The language is unconstitutional on its face, but the past decade has shown the Supreme Court unwilling to hold most lower courts to its decision in Heller.

In fourteen months, the proponents have been able to gather less than 20% of the signatures required to put the constitutional amendment on the ballot.

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It seems unlikely they will succeed in obtaining the remaining 80% in the 10 months remaining.

Two imponderables are in the mix.

First, the referendum measure is stated as being misleading to the point of being fraudulent by Attorney General Ashley Moody. From miamiherald.com:

“It is so far-reaching and misleading, it would also include guns like the gun my grandfather gave my father and his brother when they were 9 and 10, 60 years ago,” she said in August.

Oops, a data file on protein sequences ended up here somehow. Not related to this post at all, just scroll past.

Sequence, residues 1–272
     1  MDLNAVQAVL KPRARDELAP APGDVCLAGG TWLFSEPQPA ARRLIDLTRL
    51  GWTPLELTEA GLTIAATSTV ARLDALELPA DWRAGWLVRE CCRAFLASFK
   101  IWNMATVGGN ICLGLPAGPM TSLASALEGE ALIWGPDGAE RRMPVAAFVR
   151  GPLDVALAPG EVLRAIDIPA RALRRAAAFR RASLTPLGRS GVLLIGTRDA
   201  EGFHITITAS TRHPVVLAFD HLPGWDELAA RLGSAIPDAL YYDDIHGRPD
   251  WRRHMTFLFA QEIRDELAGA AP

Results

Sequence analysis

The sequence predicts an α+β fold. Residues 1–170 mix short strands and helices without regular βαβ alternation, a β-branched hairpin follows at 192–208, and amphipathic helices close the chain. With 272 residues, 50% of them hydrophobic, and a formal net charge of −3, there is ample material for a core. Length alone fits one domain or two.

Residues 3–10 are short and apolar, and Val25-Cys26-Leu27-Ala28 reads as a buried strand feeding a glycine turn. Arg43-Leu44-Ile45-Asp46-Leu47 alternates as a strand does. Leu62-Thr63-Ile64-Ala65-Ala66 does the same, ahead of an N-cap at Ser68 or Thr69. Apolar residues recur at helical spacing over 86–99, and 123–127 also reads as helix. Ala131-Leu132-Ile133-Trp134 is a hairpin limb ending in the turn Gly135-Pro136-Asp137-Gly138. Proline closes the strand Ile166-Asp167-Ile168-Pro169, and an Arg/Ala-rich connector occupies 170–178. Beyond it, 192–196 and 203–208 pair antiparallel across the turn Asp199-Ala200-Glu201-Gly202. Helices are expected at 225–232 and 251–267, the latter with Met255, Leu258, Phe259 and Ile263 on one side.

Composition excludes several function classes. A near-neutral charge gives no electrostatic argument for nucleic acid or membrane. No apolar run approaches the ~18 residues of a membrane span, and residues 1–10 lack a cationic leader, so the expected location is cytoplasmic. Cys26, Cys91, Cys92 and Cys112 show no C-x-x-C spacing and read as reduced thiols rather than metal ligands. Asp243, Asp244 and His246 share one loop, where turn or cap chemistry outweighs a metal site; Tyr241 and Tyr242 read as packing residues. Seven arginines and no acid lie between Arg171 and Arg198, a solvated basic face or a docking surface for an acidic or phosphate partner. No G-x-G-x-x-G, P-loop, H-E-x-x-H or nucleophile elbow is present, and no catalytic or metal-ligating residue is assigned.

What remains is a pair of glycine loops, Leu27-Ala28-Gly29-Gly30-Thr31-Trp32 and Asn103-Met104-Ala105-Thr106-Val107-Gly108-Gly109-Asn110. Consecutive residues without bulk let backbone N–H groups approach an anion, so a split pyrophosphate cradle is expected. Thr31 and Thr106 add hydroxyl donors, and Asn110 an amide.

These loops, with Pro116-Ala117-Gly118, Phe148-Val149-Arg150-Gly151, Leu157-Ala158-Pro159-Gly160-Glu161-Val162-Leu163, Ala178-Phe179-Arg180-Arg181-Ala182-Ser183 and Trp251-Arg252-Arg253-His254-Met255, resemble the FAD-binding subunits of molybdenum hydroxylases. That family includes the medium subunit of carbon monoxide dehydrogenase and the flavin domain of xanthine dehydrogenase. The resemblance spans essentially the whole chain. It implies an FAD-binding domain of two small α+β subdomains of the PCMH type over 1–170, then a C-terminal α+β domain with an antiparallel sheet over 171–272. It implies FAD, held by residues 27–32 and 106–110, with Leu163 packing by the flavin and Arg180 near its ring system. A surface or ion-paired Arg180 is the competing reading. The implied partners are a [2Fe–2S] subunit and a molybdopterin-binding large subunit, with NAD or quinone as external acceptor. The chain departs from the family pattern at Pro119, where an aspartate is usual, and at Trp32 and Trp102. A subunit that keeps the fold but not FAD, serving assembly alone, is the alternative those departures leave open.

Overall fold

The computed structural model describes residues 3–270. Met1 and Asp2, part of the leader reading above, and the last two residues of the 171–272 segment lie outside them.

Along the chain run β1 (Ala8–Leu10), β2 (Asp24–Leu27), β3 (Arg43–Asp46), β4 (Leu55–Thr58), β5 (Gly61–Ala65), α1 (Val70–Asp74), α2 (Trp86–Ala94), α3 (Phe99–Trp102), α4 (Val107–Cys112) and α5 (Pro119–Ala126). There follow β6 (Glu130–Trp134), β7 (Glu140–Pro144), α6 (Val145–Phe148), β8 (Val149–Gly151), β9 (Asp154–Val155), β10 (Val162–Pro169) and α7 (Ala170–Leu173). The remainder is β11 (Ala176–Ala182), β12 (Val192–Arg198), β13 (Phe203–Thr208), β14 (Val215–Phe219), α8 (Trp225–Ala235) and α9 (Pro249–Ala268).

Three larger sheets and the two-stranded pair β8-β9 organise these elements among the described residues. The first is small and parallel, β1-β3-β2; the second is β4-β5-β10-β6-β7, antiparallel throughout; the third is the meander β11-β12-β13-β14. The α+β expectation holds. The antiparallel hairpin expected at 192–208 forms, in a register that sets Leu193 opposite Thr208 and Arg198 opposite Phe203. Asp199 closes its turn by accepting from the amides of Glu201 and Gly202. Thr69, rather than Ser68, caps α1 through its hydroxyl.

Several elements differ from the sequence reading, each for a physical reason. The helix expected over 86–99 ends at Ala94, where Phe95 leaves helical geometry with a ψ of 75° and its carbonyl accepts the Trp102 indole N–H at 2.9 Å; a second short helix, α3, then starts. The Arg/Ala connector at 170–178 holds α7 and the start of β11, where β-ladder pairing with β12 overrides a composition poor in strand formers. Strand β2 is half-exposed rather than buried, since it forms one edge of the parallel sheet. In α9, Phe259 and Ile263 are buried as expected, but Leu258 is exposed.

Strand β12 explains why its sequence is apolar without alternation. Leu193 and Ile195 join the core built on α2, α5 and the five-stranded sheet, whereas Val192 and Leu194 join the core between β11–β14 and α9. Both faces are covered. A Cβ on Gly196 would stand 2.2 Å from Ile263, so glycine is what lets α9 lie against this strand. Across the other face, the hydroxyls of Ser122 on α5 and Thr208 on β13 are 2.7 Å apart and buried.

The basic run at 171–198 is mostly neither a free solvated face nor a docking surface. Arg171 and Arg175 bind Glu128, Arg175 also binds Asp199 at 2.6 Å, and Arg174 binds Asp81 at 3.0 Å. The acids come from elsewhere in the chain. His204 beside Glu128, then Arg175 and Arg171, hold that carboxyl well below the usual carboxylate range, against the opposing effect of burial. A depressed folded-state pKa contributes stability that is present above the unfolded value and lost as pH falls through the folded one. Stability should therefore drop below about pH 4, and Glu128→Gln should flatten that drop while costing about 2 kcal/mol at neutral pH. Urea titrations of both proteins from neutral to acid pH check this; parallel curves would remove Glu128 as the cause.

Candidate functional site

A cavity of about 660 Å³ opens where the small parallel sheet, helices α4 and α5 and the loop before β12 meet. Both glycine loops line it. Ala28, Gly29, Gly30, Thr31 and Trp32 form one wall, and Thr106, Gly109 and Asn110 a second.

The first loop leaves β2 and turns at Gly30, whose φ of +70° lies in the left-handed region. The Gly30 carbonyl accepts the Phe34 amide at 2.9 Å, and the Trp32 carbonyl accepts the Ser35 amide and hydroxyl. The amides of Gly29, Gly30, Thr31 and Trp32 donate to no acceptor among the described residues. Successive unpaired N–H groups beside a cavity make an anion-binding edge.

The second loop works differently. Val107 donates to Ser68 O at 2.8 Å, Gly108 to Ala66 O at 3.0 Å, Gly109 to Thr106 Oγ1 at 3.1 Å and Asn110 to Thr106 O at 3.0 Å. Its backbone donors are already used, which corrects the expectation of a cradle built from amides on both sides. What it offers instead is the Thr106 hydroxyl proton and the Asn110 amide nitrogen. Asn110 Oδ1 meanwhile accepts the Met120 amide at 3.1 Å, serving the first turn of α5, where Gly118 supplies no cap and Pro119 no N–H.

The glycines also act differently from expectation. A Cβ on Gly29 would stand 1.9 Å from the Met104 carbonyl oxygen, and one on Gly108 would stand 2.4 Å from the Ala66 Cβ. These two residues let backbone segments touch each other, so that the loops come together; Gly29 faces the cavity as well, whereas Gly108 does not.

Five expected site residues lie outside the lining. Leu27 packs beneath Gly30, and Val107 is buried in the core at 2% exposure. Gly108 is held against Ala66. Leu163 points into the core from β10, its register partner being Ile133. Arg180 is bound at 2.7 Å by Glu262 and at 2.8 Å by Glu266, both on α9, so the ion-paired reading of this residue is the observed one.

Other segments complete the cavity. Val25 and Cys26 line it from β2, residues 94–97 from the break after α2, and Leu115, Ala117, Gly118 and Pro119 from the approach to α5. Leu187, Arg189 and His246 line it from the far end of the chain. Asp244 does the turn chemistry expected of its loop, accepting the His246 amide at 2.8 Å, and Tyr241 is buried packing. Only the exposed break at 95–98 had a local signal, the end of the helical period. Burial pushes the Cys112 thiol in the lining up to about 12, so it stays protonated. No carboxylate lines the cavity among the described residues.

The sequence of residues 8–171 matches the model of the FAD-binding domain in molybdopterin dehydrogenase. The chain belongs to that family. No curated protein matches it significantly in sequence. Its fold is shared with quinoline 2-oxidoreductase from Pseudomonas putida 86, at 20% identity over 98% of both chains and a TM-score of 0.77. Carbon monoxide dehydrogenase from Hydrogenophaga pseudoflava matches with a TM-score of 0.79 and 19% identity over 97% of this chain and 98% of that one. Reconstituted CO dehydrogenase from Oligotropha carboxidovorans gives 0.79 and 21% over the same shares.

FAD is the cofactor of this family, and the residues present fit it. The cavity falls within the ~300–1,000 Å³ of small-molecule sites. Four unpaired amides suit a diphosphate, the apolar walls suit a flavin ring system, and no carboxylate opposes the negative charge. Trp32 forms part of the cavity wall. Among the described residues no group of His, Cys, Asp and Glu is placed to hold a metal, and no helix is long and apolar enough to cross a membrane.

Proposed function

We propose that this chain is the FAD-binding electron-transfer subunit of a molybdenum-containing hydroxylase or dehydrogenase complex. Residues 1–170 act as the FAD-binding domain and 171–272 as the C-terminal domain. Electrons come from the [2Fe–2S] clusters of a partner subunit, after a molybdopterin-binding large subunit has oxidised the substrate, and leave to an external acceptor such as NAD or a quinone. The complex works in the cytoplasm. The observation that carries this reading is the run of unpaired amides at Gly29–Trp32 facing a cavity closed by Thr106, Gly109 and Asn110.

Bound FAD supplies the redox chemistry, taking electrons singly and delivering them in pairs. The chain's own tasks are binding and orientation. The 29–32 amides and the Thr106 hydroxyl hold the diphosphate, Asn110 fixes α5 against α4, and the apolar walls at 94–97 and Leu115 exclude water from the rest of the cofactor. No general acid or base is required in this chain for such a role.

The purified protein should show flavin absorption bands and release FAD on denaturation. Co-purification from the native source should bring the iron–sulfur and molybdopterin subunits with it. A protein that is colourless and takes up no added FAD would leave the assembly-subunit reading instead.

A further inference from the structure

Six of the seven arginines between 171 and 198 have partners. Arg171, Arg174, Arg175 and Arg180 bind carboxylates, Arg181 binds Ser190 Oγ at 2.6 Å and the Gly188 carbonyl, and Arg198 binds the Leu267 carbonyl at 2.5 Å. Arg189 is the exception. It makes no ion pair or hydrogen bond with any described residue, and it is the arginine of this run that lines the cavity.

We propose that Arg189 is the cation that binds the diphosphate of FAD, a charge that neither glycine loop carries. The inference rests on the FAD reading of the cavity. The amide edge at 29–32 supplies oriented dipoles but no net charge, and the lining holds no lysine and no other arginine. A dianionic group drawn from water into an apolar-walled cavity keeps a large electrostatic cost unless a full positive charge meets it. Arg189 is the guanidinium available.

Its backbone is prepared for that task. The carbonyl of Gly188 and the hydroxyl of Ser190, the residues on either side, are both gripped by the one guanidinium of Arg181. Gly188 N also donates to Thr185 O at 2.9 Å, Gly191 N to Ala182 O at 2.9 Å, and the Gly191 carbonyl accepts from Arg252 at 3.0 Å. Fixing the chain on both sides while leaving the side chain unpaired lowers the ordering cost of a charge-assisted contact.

The Florida Supreme Court has to approve of the referendum language before it is put on the ballot. AG Moody may persuade the Court to refuse to accept the measure because of the misleading language.  The Court is expected to hear arguments about the language on 4 February, 2020.

Second, there may be another mass murder the media can use to inflame public emotion, to the point where the 80% deficit of signatures can be recruited.

At this point, it seems unlikely the anti-Second Amendment proponents of the measure will obtain enough signatures.

The public will find out on 1 February 2022.


About Dean Weingarten:

Dean Weingarten has been a peace officer, a military officer, was on the University of Wisconsin Pistol Team for four years, and was first certified to teach firearms safety in 1973. He taught the Arizona concealed carry course for fifteen years until the goal of Constitutional Carry was attained. He has degrees in meteorology and mining engineering, and retired from the Department of Defense after a 30 year career in Army Research, Development, Testing, and Evaluation.